Young, energetic, and full of life, I only wanted what was best for my family and me. After completing high school back in my country of birth, I wanted to study abroad. I always dreamt of the U.S. In 2016, I started filling out my applications, and I was determined to achieve my dream. Luckily, I had all the support I needed, and after so many applications finally I got a response for a U.S. sponsorship. This was good news and I was so excited that I would even have the chance to get on a plane. 2017 was probably to be the happiest of all years I have been on this earth.
It took me a few months to go through the whole process from application up to admission, but finally, it was done. I bid farewell to my family and friends and then set off for New York. From there, I travelled to San Francisco where I would study for two years before heading back home and applying for a different program if I would still be interested. My years of study were awesome, with a few challenges here and there, but I was able to overcome them and graduate. I had the chance to invite my family and friends over for the graduation, and they headed back home.
With the two years down, it was my time to head back home, but that was not to happen. Life in the U.S. was much faster and better compared to my home country. This is where I wanted to be, but I did not have any means of getting documented. If I wanted to stick around, It was a matter of choosing between going back home and trying my luck once again or staying here without immigration documents, finding means of survival while risking deportation and a temporary or permanent denial of entry to the U.S. While still in school, my best friend and I managed to get a part-time job where they did not ask for any documentation. This helped us with food and secure housing with the help of a U.S. citizen who did all the paperwork for us as long as we did not delay paying his rent.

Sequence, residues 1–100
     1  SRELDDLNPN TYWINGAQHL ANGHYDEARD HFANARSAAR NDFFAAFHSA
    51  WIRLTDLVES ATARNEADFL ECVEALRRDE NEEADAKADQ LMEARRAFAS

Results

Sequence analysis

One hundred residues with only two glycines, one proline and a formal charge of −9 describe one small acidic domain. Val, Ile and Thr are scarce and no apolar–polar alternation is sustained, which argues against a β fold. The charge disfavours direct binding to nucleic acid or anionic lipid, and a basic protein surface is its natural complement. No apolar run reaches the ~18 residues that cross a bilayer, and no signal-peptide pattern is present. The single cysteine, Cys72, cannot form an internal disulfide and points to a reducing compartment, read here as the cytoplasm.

Fast forward to 2020 when the COVID-19 pandemic was already setting in most countries. The U.S. was not spared and everything was disrupted. Businesses and workplaces were really affected and some closed down. How could this happen at such a time! This is what happened to our workplace when we needed it most. Our employer had to lay us off with nothing since we weren’t under any employment contract. Sad but true, we had to take in the bad news and deal with it. Now we had no job, which meant no income and no rent, and our host became hostile and we had to leave the premises. This is how we became homeless and have been ever since. I just hope that things will stabilize again, and I can find another job since our employer decided to venture into a different field and move away from San Francisco.
A piece of advice for anyone coming to the U.S. either on a visitor’s or student’s visa: once your time is up, please just head back home and try other means of becoming a permanent resident. At this moment, I am still confused and don’t know which option to choose — wait for assistance or just present myself to the authorities and get deported at once.